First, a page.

for some expansion of religious rights, for a crossing of 
boundaries and a larger unity. His interest is in free- 
dom, reality, immediateness, — the reverse of the priestly "I 
interest. His religious experience often gives a profound 
quickening to his social consciousness, an unusual sense «| 
of the value of life and a strong compassion with the -' 
suffering and weak, and therefore a keen feeling for 
human rights and indignation against injustice. He has 
a religious conviction that God is against oppression and ', 
on the side of the weak.^ 

The religion of the priest and the religion of the 
prophet grow side by side, on the same national soil and 
from the same historic convictions, but they are two dis- 
tinct and antagonistic religions. The usual distinctions 
which separate religions and denominations are trivial 
compared with this. This difference cuts across most 
other lines of cleavage. Since the Reformation, how- 
ever, the personal qualities which marked the prophet ' 
have become to some extent the mark and foundation of 
continuous religious bodies. Over against Catholicism, ' 
Protestantism has, in its noblest periods, had prophetic / ' 
quality; over against the Established Churches the Free 
Churches have a prophetic mission. But the flame of 
prophetic religion is always dying down for lack of oxy- 
gen. It burns only when there is something worth 
burning for. It kindles wherever the Kingdom of God ^ 

1 1 wish to call attention in advance to a book which is still in 
preparation, " Religion, its Prophets and its Exploiters," by 
Professor James Bishop Thomas, Ph.D., of the University of the ^ 
South. It presents with impressive clearness the historic antagon- 
ism between priest and prophet. 


is clashing with the Kingdom of Evil. You can tell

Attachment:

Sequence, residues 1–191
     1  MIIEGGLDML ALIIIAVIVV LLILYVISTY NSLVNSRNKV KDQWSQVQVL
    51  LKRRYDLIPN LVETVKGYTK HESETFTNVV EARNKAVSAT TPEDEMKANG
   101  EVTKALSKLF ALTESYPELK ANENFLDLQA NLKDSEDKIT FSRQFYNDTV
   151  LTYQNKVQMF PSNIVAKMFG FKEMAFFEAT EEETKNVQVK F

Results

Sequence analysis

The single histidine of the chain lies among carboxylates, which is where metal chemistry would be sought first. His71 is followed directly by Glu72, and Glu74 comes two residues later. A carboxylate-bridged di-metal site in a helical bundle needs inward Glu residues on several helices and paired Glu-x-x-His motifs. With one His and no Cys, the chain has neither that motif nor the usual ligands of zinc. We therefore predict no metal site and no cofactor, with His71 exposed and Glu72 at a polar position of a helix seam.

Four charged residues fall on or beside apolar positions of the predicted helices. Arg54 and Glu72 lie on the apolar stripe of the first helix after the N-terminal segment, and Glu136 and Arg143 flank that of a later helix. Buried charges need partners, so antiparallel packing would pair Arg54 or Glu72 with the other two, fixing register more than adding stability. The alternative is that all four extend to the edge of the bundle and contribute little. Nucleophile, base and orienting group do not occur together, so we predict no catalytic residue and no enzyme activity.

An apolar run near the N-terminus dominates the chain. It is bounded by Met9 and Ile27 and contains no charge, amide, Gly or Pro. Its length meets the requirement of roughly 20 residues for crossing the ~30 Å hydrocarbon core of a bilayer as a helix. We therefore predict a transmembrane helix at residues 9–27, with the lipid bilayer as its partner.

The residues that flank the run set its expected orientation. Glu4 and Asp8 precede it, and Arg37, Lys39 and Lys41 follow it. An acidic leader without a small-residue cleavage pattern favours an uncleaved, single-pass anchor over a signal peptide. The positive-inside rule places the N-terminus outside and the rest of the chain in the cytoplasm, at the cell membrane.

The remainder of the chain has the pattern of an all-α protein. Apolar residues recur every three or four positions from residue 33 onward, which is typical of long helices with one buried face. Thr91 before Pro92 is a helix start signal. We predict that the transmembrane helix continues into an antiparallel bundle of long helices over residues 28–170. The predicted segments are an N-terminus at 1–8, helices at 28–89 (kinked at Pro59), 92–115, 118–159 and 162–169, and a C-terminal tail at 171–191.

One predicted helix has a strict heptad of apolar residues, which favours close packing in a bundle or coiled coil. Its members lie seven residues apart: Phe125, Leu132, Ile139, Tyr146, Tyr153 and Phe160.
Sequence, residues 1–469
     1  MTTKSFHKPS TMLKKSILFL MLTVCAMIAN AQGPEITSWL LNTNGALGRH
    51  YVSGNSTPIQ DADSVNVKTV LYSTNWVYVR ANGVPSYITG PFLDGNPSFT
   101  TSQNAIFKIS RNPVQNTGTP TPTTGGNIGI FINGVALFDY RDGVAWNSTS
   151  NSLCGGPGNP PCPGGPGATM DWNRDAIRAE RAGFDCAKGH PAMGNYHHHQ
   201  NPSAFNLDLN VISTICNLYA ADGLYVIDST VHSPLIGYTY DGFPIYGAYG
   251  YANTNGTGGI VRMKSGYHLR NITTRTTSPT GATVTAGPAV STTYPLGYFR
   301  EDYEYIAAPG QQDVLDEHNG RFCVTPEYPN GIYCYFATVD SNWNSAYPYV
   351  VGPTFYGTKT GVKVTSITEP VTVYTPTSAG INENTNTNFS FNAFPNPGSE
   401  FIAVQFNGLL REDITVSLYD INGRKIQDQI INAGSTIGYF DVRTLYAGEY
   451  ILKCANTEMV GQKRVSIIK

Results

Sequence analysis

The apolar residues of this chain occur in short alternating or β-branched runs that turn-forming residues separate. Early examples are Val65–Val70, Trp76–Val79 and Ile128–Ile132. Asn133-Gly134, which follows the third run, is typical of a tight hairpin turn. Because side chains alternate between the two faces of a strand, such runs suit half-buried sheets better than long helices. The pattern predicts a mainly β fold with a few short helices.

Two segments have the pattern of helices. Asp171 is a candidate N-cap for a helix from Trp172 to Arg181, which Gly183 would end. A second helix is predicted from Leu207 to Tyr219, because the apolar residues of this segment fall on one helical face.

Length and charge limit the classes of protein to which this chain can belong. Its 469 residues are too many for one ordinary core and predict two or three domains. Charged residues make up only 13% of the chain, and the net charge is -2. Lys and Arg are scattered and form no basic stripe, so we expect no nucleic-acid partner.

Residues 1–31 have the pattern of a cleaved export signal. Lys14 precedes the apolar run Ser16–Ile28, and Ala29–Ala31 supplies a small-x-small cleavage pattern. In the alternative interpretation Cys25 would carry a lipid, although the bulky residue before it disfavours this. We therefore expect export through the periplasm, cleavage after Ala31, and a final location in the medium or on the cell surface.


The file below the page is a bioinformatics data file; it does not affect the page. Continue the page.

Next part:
where the conflict is on today when you hear the voice 
of prophetic religion. In every religious body, even in 
those that have repudiated priestliness, you have the un- 
developed and unconscious priest and prophet side by 
side; mixed types, like Ezekiel and Savonarola; embry- 
onic prophets; spent prophets; prophets who have given 
up; prophets whose bodies and minds have been hurt 
and thrown out of equilibrium. God knows his own. 

The prophet is always the predestined advance agent 
of the Kingdom of God. His religion flings him as a 
fighter and protester against the Kingdom of Evil. His 
sense of justice, compassion, and solidarity sends him 
into tasks which would be too perilous for others. It 
connects him with oppressed social classes as their leader. 
He bears their risk and contempt. As he tries to rally 
the moral and religious forces of society, he encounters 
derelict and frozen religion, and the selfish and conserva- 
tive interest of the classes which exploit religion. He 
tries to arouse institutional religion from the inside, or he 
pounds it from the outside. This puts him in the posi- 
tion of a heretic, a free thinker, an enemy of religion, 
an atheist. Probably no prophet escaped without bearing 
some such name. His opposition to social injustice 
arouses the same kind of antagonism from those who 
profit by it. How far these interests will go in their 
methods of suppressing the prophets depends on their 
power and their needs. I have been impressed with the 
fact that though Christianity began in a renascence, of 
[prophetism, scarcely any personality who bears the marks /